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Friends

How to Have Male Friends Without Destroying Your Marriage

male-female-friendship

Last summer I was a bridesmaid at one of my very dearest friend’s weddings. I wore a fitted black dress with a white sash that made me feel a little Audrey Hepburn-ish.

When I walked down the aisle, I smiled tearfully into his eyes and then I took my place by his side.

That’s right. His.

Ben has been one of my closest friends since I started college. He’s the one I confided in when I failed tests, when I got my heart broken, even when I lost my virginity. We’ve gone on crazy wild adventures together, sleeping in cars and getting lost in the woods. He’s held my newborn babies and I’ve held his.

He is closer to me than most people in the world and my husband is just fine with it.

The truth is he isn’t my only male friend. I’ve been very lucky to have maintained most of my closest college friendships, both male and female. These relationships have sustained me through the lonely days of new motherhood and the challenges of re-discovering myself after so many years of being a stay-at-home mom.

There is beauty in marriage, in this pairing off of one woman and one man (or two women or two men… whatever your preference). Sharing a life together develops an intimacy that few other relationships can match. But, there are many kinds of love and many people you can connect with. Closing yourself off to an entire gender always seemed to me like it was based more in fear than anything else.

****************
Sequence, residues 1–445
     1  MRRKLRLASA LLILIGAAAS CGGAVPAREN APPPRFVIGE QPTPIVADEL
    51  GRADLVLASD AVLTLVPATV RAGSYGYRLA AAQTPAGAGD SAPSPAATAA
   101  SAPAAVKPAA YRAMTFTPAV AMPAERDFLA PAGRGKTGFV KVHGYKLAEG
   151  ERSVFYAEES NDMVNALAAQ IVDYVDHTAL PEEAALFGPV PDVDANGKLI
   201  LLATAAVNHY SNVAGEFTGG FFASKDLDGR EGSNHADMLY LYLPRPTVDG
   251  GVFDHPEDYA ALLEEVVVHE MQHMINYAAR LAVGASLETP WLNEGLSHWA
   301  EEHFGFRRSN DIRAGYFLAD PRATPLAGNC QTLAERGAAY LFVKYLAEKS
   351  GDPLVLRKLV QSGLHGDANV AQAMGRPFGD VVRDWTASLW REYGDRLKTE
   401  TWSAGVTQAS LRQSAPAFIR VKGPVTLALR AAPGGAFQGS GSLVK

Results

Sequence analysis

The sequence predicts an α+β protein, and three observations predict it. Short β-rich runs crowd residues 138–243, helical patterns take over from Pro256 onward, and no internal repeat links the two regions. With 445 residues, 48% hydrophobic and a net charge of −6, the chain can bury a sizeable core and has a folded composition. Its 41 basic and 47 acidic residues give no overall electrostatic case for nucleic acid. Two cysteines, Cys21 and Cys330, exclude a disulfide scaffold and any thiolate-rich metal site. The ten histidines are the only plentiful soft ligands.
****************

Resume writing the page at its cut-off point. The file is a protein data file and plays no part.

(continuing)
Fear of attraction, fear of being judged, fear of jealousy. I’m not discounting those things. They can cause real problems. In the early days of our marriage, I remember feeling stabs of jealousy at my husband’s friendship with women in our circle. When I brought up those feelings, he listened to me and together we decided what boundaries we were comfortable with and how to keep either one of us from feeling hurt.

We are in a different place in our marriage now. I hardly ever feel jealous because I know how strong our bond is. We have worked hard to overcome those early fears, and the rewards have been enormous. We both feel freer, happier, more connected to the world.

When I stood under the chuppah with Ben, I looked through the crowd until I saw my husband. He met my eyes and smiled. At that moment, I realized that it was the strength of our relationship that allowed me the freedom to be in that spot at that very precious moment in time. A fresh stream of tears filled my eyes.

After the ceremony was over, the rabbi pulled me aside. I swallowed hard and readied myself for a reproach. Did he disapprove of my role in the wedding? Would he tell me that I needed to maintain a distance now that Ben was married?

“I just wanted to tell you how wonderful it is to see the friendship that you and Ben have.” He squeezed my hand and smiled. “It’s the right thing,” he said. “The right thing.”

I agree.


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